What do Jews think about endangered species and preserving the environment?
The answer will surprise you. And it comes in this week’s Torah portion.
One of the most overlooked aspects of the great flood related in this week’s chapter is the fact that over 4,000 years ago Noah was commanded to gather and house pairs of animals in order to save them and repopulate a world destroyed by the raging waters – in effect, launching the first and greatest animal preservation effort ever. And one as relevant today as it was then.
But why? If God wanted to ensure the animals’ survival, He could have found many other ways to protect them. Why the need to have Noah go through the trouble of gathering all the species, certainly an arduous and complicated process? Indeed, caring for and coexisting with the animals on board the ark was quite dangerous and actually ended up injuring Noah.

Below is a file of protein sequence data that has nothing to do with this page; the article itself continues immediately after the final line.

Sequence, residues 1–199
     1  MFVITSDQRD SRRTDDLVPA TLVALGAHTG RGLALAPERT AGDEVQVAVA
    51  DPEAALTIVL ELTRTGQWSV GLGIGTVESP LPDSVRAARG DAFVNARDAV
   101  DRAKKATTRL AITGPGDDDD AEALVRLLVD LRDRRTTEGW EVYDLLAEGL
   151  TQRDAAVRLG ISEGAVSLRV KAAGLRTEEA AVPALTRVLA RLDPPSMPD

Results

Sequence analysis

Yet, this great effort contains fascinating – and surprisingly very contemporary and timely – lessons about our interdependent relationships with the animal kingdom and the environment in which we live.
As we read the story of Noah and his ark once again, it is a time to consider the value of the animal kingdom and what it has to teach us.
From birds, bees, insects, camels and elephants, we receive a plethora of lessons – how to co-exist, make the best use of our talents, and be more ethical as human beings.
How often do we look far and wide for answers to our big dilemmas, when the answer may be right before our very eyes?